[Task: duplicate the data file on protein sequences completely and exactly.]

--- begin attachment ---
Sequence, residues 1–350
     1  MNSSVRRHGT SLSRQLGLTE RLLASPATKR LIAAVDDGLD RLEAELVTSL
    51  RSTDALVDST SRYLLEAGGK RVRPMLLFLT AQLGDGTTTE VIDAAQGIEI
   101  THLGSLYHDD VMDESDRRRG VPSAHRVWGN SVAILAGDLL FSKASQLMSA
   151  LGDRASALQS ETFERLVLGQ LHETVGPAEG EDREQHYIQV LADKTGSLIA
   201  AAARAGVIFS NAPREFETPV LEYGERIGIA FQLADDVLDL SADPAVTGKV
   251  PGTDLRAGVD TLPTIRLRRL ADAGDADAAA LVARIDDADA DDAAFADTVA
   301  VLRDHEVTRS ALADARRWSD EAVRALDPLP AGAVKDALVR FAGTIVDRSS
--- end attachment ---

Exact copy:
Sequence, residues 1–350
     1  MNSSVRRHGT SLSRQLGLTE RLLASPATKR LIAAVDDGLD RLEAELVTSL
    51  RSTDALVDST SRYLLEAGGK RVRPMLLFLT AQLGDGTTTE VIDAAQGIEI
   101  THLGSLYHDD VMDESDRRRG VPSAHRVWGN SVAILAGDLL FSKASQLMSA
   151  LGDRASALQS ETFERLVLGQ LHETVGPAEG EDREQHYIQV LADKTGSLIA
   201  AAARAGVIFS NAPREFETPV LEYGERIGIA FQLADDVLDL SADPAVTGKV
   251  PGTDLRAGVD TLPTIRLRRL ADAGDADAAA LVARIDDADA DDAAFADTVA
   301  VLRDHEVTRS ALADARRWSD EAVRALDPLP AGAVKDALVR FAGTIVDRSS